Sudanese nationals are not currently being repatriated to their native land, but not because Israel recognizes Sudan as a country in crisis. A few years ago the Population Authority cited “the practical difficulties of carrying out such returns because of the lack of diplomatic relations between the State of Israel and the Republic of Sudan, as well as the lack of communication with the authorities in that country” in its response to an appeal filed by a Sudanese asylum seeker over the decision not to include him in the group of asylum seekers from that country that were given a status similar to that of refugees.

The UN High Commissioner for Refugees in Israel stressed to Haaretz on Monday that even if there’s a change in the relations between the countries, it would not allow for forced deportations to Sudan, but only for voluntary return. Even so, the prime minister’s comments have shaken up the entire community, according to Faisal, who submitted his request to receive refugee status in 2013 and has yet to get a response.

“I have a lot of family in Darfur [a part of Sudan], and people are being killed and wounded,” Faisal said. “The situation there changes all the time; you can’t say it’s not dangerous there, there’s still murder every day. My grandfather and five uncles were killed; my mother told me when I was 16 to flee so at least I’d be saved. Israelis don’t listen to our stories, but we were fleeing from real danger.”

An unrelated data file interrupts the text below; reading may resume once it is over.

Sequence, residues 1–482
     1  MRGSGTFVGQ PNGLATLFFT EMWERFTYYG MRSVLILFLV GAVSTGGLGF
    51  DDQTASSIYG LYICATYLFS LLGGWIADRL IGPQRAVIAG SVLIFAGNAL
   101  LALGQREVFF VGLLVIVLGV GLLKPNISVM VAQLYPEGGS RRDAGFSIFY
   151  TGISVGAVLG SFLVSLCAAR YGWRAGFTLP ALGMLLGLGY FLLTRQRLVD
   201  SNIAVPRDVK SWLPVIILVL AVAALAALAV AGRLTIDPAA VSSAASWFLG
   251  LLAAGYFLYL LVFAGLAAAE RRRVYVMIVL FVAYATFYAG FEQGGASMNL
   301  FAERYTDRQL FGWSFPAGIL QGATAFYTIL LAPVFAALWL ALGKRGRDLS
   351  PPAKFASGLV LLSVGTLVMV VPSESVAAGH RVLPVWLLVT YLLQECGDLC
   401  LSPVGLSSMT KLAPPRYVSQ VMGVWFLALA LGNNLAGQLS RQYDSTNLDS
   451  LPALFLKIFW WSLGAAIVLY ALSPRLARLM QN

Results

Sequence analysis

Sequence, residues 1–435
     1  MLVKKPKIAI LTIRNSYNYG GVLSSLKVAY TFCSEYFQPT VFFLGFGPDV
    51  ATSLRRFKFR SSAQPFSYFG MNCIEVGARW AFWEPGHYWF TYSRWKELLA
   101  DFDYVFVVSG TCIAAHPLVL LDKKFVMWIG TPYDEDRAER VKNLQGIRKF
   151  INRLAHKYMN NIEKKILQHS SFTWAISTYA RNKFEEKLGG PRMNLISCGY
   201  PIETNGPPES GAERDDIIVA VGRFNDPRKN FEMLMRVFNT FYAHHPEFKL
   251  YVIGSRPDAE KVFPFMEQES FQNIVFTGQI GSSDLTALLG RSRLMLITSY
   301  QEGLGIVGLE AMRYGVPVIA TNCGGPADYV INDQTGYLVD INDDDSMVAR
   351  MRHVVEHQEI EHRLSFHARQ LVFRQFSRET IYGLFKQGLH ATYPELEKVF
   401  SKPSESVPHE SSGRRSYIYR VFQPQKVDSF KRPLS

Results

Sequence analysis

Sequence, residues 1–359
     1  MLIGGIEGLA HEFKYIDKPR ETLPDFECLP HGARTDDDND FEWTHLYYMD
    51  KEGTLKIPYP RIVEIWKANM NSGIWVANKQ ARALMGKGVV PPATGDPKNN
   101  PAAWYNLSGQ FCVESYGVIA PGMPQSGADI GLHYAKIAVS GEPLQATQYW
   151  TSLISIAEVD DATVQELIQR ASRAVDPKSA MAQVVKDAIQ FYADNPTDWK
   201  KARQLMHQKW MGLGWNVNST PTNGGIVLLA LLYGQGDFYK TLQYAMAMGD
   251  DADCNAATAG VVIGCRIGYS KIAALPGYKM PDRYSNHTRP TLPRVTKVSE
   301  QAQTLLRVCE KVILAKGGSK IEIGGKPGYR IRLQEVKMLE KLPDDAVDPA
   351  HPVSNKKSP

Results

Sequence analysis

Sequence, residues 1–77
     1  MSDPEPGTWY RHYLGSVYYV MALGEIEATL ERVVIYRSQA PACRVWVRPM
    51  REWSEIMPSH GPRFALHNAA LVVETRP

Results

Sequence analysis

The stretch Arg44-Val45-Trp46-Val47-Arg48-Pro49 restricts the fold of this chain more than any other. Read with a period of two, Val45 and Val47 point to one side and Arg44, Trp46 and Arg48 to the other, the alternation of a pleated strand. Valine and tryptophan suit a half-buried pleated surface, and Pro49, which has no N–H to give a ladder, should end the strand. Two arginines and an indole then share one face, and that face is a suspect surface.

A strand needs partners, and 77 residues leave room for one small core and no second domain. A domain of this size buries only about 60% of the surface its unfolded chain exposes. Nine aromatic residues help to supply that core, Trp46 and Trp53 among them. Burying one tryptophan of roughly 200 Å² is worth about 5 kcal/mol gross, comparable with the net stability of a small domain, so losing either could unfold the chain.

Just last week, the UNHCR said that clashes in Darfur had forced more than 11,000 people to flee to neighboring Chad since last month, 4,000 of them in the previous week alone. An estimated 46,000 people have been displaced within the country.

There are around 6,500 Sudanese nationals in Israel, representing 20 percent of all the asylum seekers in the country. Of these, 4,500 have submitted requests for political asylum and have been awaiting a decision for many years. Some 1,600 of the Sudanese have been recognized as coming from Darfur, and another 300 as originating from the Nuba Mountains and Blue Nile regions, also known regions of conflict. There are many others who originate from these areas but they aren’t recognized as such because they have never been called in for interviews to determine their place of original residence.